First off – I am NOT the intended audience for this book. This book, written by the devout wife of a pastor, is directed toward other women of faith and is a guide for how to be a virtuous woman. The author was aware that I was not the intended audience when she sent the book to me.
I had difficulty with the book right off the bat due to typographical and English construction errors. The third word on the very first page of the book is incorrect (the word printed is “every” when it should be “ever”). In Chapter 2 (which is page 3), the opening paragraph uses multiple points of view, changing pronouns from “us” and “we” to “you” and back again. This pretty much sets the tone for what you are in for, as far as a professionally published book goes.
And while typography and English errors drive me crazy in a bound-and-sold book, I can overlook this and just wish the publisher/author had gotten a better editor/proofreader, if the material is engaging. But for me, this is not particularly engaging.
Again … I am not the target audience for the book. I am not a woman looking to find validation in my life through Christ. And I’m not sure I know too many who are.
The book is divided into three parts: a section for single ladies. A section for married ladies. And a section for all women. Essentially all sections say the same thing – how to live your life according to the Bible.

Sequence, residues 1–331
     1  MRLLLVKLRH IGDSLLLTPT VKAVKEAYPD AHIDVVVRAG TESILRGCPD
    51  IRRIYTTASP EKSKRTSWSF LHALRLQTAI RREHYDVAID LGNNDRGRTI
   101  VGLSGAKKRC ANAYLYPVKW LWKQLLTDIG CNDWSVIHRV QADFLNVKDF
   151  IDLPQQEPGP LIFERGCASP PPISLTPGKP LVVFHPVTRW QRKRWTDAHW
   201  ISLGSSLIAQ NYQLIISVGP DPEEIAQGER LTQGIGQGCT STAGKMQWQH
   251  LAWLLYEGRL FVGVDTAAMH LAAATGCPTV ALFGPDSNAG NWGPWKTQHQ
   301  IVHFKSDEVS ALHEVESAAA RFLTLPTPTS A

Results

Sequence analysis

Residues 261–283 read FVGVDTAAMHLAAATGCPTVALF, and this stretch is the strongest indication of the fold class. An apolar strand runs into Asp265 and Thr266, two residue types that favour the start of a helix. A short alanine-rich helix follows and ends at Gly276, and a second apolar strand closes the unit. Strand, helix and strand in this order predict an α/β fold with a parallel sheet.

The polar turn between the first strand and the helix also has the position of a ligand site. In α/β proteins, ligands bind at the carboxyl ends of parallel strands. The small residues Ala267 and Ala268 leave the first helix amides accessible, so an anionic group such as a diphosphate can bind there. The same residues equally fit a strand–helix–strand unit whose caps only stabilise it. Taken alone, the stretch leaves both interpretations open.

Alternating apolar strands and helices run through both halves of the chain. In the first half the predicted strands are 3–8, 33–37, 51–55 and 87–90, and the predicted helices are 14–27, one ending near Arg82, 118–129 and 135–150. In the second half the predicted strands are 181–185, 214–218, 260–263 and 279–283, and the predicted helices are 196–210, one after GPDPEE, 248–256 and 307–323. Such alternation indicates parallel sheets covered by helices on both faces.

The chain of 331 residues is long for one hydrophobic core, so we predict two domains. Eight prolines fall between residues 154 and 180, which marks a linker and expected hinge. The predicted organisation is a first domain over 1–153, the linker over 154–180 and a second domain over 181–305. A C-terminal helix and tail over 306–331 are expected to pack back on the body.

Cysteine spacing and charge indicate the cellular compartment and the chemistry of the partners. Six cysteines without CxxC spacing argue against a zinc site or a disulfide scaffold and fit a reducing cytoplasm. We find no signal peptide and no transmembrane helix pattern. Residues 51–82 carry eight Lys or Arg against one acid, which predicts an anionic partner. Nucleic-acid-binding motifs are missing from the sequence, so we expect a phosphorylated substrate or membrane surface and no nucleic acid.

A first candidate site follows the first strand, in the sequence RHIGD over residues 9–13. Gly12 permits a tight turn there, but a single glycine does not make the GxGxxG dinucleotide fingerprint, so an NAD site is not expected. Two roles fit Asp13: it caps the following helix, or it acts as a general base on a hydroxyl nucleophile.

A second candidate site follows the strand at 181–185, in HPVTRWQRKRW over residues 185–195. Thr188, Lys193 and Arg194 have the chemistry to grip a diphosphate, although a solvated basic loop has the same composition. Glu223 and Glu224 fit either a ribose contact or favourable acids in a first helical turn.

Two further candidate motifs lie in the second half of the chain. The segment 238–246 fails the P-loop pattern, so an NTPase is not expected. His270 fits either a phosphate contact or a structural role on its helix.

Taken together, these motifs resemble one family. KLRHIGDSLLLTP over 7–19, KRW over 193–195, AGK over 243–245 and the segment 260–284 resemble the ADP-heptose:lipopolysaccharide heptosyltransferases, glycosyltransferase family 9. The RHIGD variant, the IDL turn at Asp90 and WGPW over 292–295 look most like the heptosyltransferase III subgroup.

But what I felt was that this book is sets women back a couple of decades.
The movement for equality – to be respected and paid for a job on the same level as men – takes a backseat here. Constantly, as I read through this, I thought that if I shared this book with my wife (a devout Catholic), she’d have a lot of problems with what the book was suggesting and would want to know why I thought she should read it!
I suspect that the women who like this book are those who don’t need it because they are already living this life. Though they probably also want confirmation that they are living ‘right.’
Can Christianity and a living a life of Faith exist in the modern world? I believe that it can. But I don’t believe this book is helpful. Instead, this book takes the woman back to the 1940’s or 1950’s when women were much more subservient.
Looking for a good book? Who You Callin’ Silly? by Kimberly R. Lock is a Bible study for women that puts the modern woman into a role that was much more familiar to women fifty years ago.
I received a free copy of this book from the author in exchange for an honest review.
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Who You Callin’ Silly? How a Silly Woman Becomes Virtuous
author: Kimberly R. Lock
publisher: TriMark Press
paperback, 148 pages